Mycoplasma genitalium belongs to the class Mollicutes and is the smallest prokaryote capable of independent replication. It was originally isolated
from the urethras of two men with non-gonococcal urethritis (NGU). It has a number of characteristics which are similar to its genetically close relative,
Mycoplasma pneumoniae, which is an established pathogen of the respiratory tract. M. genitalium lacks a cell wall and has a characteristic pear/flask
shape with a terminal tip organelle. This organelle enables M. genitalium to glide along and adhere to moist/mucous surfaces, including host cells.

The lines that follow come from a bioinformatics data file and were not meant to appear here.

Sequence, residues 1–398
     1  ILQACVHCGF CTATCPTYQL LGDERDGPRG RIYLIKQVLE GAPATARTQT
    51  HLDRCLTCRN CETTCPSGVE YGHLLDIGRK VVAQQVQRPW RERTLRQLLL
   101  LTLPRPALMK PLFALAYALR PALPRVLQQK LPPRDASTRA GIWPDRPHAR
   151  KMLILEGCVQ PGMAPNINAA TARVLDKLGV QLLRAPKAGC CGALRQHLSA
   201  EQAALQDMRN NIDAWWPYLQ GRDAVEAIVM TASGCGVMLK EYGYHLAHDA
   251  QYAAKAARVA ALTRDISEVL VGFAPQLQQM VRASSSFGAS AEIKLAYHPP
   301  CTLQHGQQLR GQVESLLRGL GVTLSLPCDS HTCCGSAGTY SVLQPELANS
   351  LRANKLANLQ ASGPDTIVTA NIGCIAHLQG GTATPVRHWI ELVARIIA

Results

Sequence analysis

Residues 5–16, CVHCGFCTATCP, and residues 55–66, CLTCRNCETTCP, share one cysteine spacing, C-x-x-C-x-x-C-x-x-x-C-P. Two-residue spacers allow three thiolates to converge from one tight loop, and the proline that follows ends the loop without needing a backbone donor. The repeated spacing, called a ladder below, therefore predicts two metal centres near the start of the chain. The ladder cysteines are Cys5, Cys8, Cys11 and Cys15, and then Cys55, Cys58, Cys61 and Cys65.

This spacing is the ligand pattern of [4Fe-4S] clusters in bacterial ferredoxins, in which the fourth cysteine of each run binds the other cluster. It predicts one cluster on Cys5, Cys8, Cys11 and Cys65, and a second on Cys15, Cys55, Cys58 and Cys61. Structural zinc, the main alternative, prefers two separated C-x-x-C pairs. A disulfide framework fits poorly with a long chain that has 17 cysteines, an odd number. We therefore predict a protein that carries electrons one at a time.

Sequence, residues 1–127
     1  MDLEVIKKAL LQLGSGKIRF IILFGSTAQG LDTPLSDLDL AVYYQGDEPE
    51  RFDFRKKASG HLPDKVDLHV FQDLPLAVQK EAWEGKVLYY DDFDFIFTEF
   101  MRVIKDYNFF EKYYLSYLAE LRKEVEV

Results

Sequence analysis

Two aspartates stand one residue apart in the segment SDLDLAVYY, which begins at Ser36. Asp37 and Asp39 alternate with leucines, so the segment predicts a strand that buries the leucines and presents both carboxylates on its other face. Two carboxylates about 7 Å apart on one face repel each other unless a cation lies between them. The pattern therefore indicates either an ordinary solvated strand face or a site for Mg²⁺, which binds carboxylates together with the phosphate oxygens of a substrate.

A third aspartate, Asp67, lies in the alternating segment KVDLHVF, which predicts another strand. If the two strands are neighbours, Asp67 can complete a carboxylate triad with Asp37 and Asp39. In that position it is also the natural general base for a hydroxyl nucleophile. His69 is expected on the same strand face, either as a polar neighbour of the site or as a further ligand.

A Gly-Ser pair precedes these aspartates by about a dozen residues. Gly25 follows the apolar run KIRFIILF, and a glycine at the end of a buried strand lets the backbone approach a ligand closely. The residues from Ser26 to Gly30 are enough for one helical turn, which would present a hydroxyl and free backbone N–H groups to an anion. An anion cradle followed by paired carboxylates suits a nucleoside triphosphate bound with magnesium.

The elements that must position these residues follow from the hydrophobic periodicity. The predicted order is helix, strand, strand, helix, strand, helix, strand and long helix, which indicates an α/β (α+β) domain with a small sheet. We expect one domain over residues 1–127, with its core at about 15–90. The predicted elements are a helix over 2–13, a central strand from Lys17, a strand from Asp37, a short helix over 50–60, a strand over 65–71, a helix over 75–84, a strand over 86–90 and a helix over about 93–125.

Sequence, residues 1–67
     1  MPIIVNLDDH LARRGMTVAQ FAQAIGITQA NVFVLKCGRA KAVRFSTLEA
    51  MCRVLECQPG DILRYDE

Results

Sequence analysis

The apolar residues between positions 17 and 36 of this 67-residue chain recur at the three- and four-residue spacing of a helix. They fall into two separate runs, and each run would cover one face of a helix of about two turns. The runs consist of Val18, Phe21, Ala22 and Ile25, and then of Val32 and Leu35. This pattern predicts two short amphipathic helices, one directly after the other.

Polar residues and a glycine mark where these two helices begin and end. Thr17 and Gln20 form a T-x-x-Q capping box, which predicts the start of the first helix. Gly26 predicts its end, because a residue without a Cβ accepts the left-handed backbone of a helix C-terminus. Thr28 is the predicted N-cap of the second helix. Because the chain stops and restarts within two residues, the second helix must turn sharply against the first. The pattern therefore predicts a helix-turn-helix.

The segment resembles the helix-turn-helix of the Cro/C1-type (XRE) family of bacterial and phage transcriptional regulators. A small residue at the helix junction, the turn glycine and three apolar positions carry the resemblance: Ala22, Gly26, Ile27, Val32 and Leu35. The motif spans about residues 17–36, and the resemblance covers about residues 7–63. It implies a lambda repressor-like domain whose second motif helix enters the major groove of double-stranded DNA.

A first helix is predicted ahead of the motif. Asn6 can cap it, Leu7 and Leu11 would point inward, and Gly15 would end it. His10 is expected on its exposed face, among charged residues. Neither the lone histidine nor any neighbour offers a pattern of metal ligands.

M. genitalium has minimal metabolism, and when compared to the other genital mycoplasmas, has the ability to metabolise glucose. The organism
is the smallest self-replicating prokaryote with a genome of only 580 kb pairs and was the second bacterium to have its genome fully sequenced. Its
DNA falls under the low G+C category and thus has a lower melting temperature during denaturation in polymerase chain reaction (PCR) assays. The
target genes for PCR assays include MgPa, rRNA and gap. M. genitalium has several virulence factors that are responsible for its pathogenicity. These
include the ability to adhere to host epithelial cells using the terminal tip organelle with its adhesins, the release of enzymes and the ability to evade
the host immune response by antigenic variation.